This weekend I managed to get out to see PAN'S LABYRINTH, the acclaimed foreign film from the guy who directed HELLBOY. I can't remember his name now and the firewall prevents me from looking it up, but I believe he also did BLADE 2, KRONOS and that Mira Sorvino movie about giant subway bugs.
The director's history is important here because the project is really really odd, in the same way that LIFE IS BEAUTIFUL is odd. (What the hell is that guy's name? Benicio Del Toro? Nawww.) Just as Roberto Begnini got sparks by rubbing his normal goofy persona against the very serious subject of concentration camps, this movie gets its biggest charge from putting a monster fantasy in a brutal fascist command post in Franco's Spain.
I'll avoid as many spoilers as I can here. Suffice it to say that it structurally winds up being two stories, both of which would be well-made but so-so movies in their own right, but when you put them together they augment each other in surprising ways. And because the fantasy element is so well integrated it makes for an ending which is both heart-breakingly tragic and transcendentally joyous. I love it when a movie fixes it so that it can have it both ways. This also goes for the fascist captain, well played by... uh, some Spanish guy. He gives his cruelty a full humanity which paradoxically makes him less sympathetic, because you realize that he's capable of avoiding such monstrous behavior but he chooses not to.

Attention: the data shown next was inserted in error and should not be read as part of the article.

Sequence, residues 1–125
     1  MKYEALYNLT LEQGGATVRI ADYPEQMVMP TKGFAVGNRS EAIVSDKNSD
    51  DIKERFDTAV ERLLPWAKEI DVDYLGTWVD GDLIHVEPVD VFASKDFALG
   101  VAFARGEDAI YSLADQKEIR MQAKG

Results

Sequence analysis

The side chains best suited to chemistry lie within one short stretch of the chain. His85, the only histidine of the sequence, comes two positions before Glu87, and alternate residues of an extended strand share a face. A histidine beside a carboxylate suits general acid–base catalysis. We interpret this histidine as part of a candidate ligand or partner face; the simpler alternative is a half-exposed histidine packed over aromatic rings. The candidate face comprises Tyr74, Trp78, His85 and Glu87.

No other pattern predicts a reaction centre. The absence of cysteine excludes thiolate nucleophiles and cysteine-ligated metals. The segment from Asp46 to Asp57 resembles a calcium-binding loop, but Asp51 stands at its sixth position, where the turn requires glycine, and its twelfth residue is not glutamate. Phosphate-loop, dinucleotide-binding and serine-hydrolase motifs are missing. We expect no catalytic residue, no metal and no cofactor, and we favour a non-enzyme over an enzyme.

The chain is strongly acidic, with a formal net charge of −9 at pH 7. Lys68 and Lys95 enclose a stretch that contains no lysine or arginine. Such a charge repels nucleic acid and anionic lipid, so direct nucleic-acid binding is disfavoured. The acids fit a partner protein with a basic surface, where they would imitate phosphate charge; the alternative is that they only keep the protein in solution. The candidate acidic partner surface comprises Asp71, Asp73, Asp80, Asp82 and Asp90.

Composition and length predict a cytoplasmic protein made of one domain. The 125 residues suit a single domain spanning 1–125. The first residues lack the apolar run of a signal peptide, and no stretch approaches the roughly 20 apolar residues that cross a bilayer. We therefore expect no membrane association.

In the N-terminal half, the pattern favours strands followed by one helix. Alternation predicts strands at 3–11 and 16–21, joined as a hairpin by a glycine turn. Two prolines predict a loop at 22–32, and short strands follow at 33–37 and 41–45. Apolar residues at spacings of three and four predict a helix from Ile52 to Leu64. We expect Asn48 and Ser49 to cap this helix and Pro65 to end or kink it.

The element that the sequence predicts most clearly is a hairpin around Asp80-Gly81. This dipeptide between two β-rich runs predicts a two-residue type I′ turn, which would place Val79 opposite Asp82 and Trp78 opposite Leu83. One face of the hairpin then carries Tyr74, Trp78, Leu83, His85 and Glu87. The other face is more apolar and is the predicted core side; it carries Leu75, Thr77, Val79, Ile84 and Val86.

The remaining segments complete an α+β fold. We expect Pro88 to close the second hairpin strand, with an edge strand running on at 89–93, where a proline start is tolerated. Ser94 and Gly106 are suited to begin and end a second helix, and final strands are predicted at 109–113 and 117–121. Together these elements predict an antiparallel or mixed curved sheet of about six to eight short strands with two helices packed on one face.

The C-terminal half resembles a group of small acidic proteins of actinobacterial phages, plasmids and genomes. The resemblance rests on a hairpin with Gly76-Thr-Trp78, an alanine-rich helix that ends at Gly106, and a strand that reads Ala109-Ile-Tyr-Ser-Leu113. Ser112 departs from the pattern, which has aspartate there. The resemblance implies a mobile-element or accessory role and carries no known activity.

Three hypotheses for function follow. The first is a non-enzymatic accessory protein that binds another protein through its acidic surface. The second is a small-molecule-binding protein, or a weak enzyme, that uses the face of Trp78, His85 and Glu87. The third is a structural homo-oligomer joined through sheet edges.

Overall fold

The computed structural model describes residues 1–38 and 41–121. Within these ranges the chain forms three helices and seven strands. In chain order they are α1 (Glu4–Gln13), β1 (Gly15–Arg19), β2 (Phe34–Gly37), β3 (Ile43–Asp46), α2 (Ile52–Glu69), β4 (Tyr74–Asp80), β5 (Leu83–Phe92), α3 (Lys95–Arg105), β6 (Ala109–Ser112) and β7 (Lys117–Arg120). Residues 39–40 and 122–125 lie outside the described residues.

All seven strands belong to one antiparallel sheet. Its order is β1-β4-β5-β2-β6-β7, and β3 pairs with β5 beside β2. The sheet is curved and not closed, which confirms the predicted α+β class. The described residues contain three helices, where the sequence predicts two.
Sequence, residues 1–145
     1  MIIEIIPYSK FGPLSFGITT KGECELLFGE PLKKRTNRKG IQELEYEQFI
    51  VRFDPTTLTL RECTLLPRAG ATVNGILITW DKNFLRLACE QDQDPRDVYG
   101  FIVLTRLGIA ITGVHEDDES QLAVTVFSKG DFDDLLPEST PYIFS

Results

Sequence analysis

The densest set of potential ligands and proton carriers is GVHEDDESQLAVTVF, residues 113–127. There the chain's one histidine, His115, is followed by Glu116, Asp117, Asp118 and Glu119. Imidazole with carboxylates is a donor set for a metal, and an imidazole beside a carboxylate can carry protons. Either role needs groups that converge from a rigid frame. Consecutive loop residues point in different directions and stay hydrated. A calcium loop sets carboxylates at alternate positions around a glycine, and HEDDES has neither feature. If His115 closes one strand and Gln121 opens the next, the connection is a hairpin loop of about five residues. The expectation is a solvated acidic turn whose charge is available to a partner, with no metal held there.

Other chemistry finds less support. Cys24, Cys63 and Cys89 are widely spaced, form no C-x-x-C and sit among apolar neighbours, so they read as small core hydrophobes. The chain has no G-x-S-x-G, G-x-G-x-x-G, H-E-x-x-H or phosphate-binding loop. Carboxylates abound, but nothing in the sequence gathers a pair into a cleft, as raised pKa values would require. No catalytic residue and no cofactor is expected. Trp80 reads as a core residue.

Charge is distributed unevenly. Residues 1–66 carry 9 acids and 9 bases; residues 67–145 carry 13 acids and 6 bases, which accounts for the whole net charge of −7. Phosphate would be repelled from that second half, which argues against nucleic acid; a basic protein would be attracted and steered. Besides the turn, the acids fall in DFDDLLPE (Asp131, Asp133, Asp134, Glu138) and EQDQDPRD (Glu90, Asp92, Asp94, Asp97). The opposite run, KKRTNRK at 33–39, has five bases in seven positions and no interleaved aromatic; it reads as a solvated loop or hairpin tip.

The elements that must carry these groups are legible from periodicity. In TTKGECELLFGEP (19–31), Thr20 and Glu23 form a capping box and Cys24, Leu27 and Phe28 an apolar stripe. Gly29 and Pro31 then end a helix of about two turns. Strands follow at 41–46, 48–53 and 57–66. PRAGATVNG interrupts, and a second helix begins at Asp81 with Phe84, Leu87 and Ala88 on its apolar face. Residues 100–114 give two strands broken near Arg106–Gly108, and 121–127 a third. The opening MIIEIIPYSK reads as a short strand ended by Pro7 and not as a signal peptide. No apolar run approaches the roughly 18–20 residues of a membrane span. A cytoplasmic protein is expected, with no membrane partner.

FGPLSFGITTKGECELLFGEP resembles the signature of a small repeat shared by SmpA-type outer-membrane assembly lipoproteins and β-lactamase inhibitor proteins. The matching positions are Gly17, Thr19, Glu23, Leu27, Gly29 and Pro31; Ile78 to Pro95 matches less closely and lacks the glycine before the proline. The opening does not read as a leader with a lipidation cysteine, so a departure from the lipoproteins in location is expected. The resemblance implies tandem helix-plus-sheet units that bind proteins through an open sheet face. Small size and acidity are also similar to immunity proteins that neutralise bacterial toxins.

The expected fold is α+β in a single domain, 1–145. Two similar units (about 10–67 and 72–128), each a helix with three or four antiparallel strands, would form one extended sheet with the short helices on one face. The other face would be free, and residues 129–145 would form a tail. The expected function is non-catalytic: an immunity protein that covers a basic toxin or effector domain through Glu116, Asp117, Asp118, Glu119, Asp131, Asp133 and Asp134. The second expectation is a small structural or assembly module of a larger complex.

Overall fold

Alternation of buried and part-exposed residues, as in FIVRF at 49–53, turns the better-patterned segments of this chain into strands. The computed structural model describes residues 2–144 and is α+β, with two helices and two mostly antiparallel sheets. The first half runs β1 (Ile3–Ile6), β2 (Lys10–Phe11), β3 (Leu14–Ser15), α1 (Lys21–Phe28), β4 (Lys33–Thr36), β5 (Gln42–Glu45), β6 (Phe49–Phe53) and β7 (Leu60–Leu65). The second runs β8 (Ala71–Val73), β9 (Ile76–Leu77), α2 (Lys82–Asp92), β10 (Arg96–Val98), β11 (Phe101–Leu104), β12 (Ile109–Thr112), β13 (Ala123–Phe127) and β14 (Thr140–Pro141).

Since I'm a moonbat liberal I'll add that, yes, he is a Fascist who tortures his victims and that seems much much too familiar nowadays. Note to my friends at Townhall.com... there is a reason why the torturers are always the villains in movies. Torture is evil! Even Jack Bauer has a pretty rotten life. Fascists have only fared well in movies directed by Leni Riefenstahl. I hope you see where I'm going with this.
Guillermo Del Toro. I knew it would come to me.